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#4425 07/24/00 03:22 AM
Joined: Mar 2000
Posts: 141
OP Offline
Joined: Mar 2000
Posts: 141
The first musical comedy to win the Pulitzer Prize, `Of Thee I Sing', is a
brilliant political satire that gives us today's word. In this masterful
operetta (music: George Gershwin, lyrics: Ira Gershwin, libretto: George
Kaufman and Morris Ryskind), presidential candidate Alexander Wintergreen
runs a political campaign based on the theme of love. His National Party
sponsors a beauty contest, with Wintergreen to marry the winner. Instead,
Wintergreen falls in love with Mary Turner, a secretary at the pageant, and
marries her on the day of his inauguration. Diana Devereaux, the contest
winner, sues President Wintergreen for breach of contract; France threatens
to go to war, since Devereaux is of French descent; and Congress impeaches
him. Wintergreen points out the United States Constitution provision that
when the President is unable to perform his duty, the Vice President fulfills
the obligations. VP Throttlebottom agrees to marry Diana and forever etches
his name in the dictionaries.

Sometimes you have to wonder whether fictional people appear more real or
real people more fictional. The rest of this week features other examples
of eponyms, or words derived from people's names; from fact as well as from

#4426 07/24/00 11:53 AM
Joined: Mar 2000
Posts: 460
Joined: Mar 2000
Posts: 460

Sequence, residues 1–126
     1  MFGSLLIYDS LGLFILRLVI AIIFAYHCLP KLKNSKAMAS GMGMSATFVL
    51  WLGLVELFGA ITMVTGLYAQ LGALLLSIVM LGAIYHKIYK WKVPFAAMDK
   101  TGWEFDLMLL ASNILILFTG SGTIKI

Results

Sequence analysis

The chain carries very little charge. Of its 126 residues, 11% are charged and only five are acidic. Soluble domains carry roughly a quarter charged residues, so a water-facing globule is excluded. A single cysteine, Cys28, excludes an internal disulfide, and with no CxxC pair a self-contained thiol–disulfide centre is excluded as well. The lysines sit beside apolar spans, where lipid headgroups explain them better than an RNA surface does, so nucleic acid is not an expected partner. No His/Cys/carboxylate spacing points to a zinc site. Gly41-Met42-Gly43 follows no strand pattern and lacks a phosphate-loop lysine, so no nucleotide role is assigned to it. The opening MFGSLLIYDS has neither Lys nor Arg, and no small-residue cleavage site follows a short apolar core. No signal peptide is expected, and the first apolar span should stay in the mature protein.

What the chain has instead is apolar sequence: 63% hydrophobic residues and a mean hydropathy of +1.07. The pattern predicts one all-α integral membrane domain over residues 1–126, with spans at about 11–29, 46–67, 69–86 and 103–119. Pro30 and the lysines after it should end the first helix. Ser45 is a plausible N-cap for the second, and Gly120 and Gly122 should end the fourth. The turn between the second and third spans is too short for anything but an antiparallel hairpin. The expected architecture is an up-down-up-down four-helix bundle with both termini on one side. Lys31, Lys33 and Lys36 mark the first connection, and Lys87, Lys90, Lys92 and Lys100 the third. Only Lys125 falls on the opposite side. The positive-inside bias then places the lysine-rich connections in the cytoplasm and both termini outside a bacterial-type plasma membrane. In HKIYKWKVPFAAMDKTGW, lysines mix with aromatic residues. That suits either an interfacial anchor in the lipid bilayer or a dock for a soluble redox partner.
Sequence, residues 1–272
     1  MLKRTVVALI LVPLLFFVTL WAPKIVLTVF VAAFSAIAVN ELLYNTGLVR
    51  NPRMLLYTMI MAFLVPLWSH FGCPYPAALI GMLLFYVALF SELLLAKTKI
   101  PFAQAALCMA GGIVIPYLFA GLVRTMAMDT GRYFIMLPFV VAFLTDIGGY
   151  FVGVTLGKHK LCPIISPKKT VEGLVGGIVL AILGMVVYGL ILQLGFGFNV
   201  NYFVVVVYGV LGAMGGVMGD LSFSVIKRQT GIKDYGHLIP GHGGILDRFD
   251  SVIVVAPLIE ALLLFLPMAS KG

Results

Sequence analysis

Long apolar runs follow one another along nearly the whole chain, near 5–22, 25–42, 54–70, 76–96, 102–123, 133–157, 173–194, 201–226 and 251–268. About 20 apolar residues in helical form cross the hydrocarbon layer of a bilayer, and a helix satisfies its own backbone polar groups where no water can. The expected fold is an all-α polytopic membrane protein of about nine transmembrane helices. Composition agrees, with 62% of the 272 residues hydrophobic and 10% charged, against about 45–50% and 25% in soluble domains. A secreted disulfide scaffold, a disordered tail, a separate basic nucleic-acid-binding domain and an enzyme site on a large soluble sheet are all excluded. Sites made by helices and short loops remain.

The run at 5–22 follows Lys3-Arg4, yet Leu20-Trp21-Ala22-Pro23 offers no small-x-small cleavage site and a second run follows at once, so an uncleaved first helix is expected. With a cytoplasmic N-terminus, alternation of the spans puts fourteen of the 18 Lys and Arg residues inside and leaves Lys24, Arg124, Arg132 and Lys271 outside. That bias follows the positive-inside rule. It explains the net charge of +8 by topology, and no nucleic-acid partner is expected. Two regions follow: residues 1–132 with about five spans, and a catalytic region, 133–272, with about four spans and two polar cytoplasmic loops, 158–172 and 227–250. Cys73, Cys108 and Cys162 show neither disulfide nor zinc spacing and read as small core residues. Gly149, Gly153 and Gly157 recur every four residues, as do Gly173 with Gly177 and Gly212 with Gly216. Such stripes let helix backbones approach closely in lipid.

Anu, an off-thread comment.

George Gershwin didn't receive the Pulitzer Prize for "Of thee I sing" as it wasn't then awarded for music. His brother (who was often, in his absence, unwittingly, referred to as George and his lovely wife Ira), George Kaufman and Morris Ryskind got the prize, but George later received an honorary prize (posthumously, I think).

"Of thee I sing" is now available on CD and is well worth a listen. Enjoy!

#4427 07/26/00 12:52 PM
Joined: Jul 2000
Posts: 4
Joined: Jul 2000
Posts: 4
May 15, 2000

Dear Diary,

It started off normally enough. I got up,
showered, had a bite to eat and got into the car.
I drove down the road a bit and then discovered I
was out of gas. Fortunately one of the neighbors was
out watering his lawn. He pulled a tablet from his
pocket, dropped it in my gas tank and then added water
from his hose. I was off again in a trice.

Then a giant fire-breathing groundhog stepped
into the road in front of me. I calmly pushed the
special accessory button on my 1990 Chevy Cavalier
and waited for the jet rockets to deploy. I fired
them up and sailed over the groundhog.

Then, wouldn't you know it, I got to the
main intersection at Aurora Street and found that
the street was completely flooded! Well, what else
could I do: I pushed the special aqua-accessory
button on my Cavalier, switched to atomic power,
drove into the water and rolled along the flooded
road bed.

I finally hit dry land again and headed for
my office parking lot. Once in the office I sat with
my morning cup of coffee contemplating the day's
difficult commute. I nonchalantly reached over
to flip my trusty "Forgotten English" calendar to
the new day and discovered that this (May 15) is
the birth anniversary of Karl Friedrich Heironymous
Baron von Munchausen (1720).

Days like this are enough to give one a
syndrome, eh what?


#4428 07/27/00 11:33 AM
Joined: Mar 2000
Posts: 460
Joined: Mar 2000
Posts: 460
Thanks, jmica, for your story -- isn't it wonderful what you can do in a 'trice' these days -- makes those old pumpkin/coach convertibles look positively old-fashioned.

Moderated by  Jackie 

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